When Jesus saw the crowds, he went up the mountain; and after he sat down, his disciples came to him. Then he began to speak, and taught them, saying:
"Blessed are the poor in spirit, for theirs is the kingdom of heaven.
Blessed are those who mourn, for they will be comforted.
Blessed are the meek, for they will inherit the earth.
Blessed are those who hunger and thirst for righteousness, for they will be filled.
Blessed are the merciful, for they will receive mercy.
Blessed are the pure in heart, for they will see God.
Blessed are the peacemakers, for they will be called children of God.
Blessed are those who are persecuted for righteousness' sake, for theirs is the kingdom of heaven.
Blessed are you when people revile you and persecute you and utter all kinds of evil against you falsely on my account.
Rejoice and be glad, for your reward is great in heaven, for in the same way they persecuted the prophets who were before you." (Matthew 5:1-12) [NRSV]
That was quick. Last week Jesus was calling his disciples, and already he is immersed in his ministry of teaching. As far as the church year is concerned, there's no time to waste between his search for companions and his plunge into the substance of his work.
The first one is the hardest, and that's what I've been thinking about this week, as I tried to plan what to write here. For many years, I found the Luke version, the concrete "Blessed are the poor," was much easier to comprehend. Not that it's easy to understand why literal, monetary, material poverty should exist, either in God's plan or on a planet so rich in resources. But it is easier to talk about poverty as a concrete concept than poverty as a spiritual concept.
It does seem to seep into our consciousness though. I think that now, in my fifties, I can comprehend spiritual poverty in ways that were outside my grasp a decade ago. I can't claim advancing maturity or depth of understanding as the reason; I can only say that circumstances have required me to abandon certain goals and ideals that I thought were unshakable, as necessary to my existence as breathing. All gone now. Things that most other people in my small world have been able to take for granted evaporated for me, suddenly and with no warning. All gone now.
When hopes and dreams that you have worked for fall away, you get two choices. You can stand there, screaming and crying and begging to get them back, resisting with all your being the new path laid before you. Or you can wipe your eyes and set your shoulders straight and let the past go. We usually talk about this process as one of "detachment," although one of my sons, who has studied a bit of East Asian thought and history, tells me that "un-attachment" would be a more appropriate phraseology.
I'm not there yet. I can't talk about spiritual poverty with more than the most glancing acquaintance with the consequences it might bring. But even that glancing acquaintance is an expereince that we resist, as individuals who want what we want, and as a culture that wants more all the time. Perhaps most of us experience it only when it is thrust upon us, unwanted and despised.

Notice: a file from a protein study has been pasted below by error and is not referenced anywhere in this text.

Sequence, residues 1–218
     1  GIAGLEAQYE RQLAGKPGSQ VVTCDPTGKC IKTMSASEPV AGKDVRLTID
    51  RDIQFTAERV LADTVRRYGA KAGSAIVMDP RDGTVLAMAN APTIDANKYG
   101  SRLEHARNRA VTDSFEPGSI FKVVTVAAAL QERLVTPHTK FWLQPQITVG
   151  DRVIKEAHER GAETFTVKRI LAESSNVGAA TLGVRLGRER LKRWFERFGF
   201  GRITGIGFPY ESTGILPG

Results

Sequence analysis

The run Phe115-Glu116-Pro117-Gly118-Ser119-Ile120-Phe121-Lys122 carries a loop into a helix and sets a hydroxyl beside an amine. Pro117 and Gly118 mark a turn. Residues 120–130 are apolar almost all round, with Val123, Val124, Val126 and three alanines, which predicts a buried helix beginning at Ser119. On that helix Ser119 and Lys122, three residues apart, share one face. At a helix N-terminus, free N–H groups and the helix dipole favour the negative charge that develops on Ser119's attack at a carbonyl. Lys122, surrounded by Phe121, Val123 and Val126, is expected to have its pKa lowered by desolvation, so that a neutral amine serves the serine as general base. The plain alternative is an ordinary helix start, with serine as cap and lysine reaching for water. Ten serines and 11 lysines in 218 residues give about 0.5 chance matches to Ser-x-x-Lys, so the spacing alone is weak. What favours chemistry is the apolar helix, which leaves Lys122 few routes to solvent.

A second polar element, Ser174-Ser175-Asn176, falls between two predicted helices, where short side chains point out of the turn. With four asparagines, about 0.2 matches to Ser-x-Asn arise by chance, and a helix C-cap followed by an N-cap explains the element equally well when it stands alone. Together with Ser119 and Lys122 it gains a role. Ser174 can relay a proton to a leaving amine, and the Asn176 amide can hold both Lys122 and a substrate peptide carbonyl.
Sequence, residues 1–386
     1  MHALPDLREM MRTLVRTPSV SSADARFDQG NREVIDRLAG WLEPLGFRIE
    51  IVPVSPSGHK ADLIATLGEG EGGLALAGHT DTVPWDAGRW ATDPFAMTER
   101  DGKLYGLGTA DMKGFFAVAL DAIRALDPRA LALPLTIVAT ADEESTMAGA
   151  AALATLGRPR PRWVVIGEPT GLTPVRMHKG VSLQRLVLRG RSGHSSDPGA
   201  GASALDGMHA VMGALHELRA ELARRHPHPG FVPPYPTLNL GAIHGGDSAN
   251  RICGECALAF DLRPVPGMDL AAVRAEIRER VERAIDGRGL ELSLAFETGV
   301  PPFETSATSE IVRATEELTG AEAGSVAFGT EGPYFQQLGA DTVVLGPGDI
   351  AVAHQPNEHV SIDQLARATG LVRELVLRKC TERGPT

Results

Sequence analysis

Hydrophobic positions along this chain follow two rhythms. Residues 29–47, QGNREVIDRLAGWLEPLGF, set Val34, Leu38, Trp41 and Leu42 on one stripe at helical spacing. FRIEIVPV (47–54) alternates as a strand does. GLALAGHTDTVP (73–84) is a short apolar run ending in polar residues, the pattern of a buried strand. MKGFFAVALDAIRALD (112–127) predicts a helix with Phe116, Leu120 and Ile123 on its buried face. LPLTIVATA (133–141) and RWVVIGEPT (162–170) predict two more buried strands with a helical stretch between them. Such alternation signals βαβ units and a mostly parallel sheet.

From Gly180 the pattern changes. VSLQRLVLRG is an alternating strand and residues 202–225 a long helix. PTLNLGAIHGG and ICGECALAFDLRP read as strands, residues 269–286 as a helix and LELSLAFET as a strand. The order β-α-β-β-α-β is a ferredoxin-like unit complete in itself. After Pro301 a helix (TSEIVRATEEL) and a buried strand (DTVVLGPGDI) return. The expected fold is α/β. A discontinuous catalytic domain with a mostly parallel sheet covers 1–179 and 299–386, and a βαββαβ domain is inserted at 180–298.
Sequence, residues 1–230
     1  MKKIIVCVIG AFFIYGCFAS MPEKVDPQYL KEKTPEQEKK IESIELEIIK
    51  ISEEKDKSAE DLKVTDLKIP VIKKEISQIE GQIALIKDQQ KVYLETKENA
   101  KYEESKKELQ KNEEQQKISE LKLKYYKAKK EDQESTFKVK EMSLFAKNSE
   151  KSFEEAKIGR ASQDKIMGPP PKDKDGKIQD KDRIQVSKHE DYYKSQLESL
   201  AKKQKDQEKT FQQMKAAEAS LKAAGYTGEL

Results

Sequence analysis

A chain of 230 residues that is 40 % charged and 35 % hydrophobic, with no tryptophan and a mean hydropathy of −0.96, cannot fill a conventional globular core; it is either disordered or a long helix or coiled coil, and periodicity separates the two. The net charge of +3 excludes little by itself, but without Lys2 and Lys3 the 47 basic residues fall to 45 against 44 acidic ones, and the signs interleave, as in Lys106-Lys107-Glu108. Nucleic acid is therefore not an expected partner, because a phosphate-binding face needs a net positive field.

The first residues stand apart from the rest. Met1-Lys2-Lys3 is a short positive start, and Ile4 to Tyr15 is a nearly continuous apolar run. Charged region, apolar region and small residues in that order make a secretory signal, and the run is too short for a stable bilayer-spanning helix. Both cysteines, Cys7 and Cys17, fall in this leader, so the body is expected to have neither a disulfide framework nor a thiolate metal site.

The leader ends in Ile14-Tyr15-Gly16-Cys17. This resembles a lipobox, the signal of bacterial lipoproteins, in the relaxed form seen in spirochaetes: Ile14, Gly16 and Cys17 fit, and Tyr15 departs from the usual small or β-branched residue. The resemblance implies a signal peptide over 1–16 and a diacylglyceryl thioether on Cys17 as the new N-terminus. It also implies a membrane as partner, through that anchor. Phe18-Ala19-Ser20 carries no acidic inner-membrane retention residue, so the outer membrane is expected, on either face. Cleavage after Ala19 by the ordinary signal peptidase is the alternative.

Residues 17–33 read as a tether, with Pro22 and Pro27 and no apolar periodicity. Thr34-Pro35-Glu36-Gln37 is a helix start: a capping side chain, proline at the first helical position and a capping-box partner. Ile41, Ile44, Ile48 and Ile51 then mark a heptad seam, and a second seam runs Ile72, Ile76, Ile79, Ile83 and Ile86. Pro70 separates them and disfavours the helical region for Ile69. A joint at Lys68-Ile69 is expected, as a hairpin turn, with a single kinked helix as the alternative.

When I realized that this passage was one that I wanted to explore but could barely understand, I started looking for what some other people have had to say. Sometimes, I just have no hope of conveying what I would like to, so I'm going to let them do the talking today:
And you must know that to be empty of all created things is to be full of God, and to be full of created things is to be empty of God. (Meister Eckhart)
The creative individual is particularly gifted in seeing thegap between what is and what could be (which means, of course, that he has achoeved a certain measure of detachment from what is. (John W. Gardner)
Can you cleanse your inner vision until you see heaven in every direction? (Laotzu)
The test of Christian leadership: What are we giving away? (Our pastor in a sermon this morning, on this very passage)
When one sees eternity in things that pass away and infinity in finite things, then one has pure knowledge. (Bhagavad Gita)
The desert is a place for learning to lower one's expectations almost to the point of absurdity, being content increasingly with less and less, giving up living ambitiously for lofty ends of any sort. One discovers there the importance of the simplest of means, ignoring everything else that doesn't serve the ordinary. That's how one comes, at last, to find strange comfort in the desert waste, only by embracing indifference, learning to delight in nothing so much as simplicity. Solace likes at the still point of emptiness-beyond hope, beyond proof, beyond consolation. Deliberately aiming the exercise of indifference(apatheia)at oneself, one releases little by little the anxious thoughts of the distracted ego. The false self is gradually starved by inattention. One learns also to be indifferent to others, ignoring surface impressions so as to open oneself to radically different people on the clean, level ground of unspoken humanity. No longer driven by short-lived feelings of sympathy or pity, one consistently, doggedly works for justice without thought of reward. (Beldon Lane)
He who would be serene and pure needs but one thing, detachment. (Meister Eckhart)
Serenity and purity do sound like blessedness, don't they?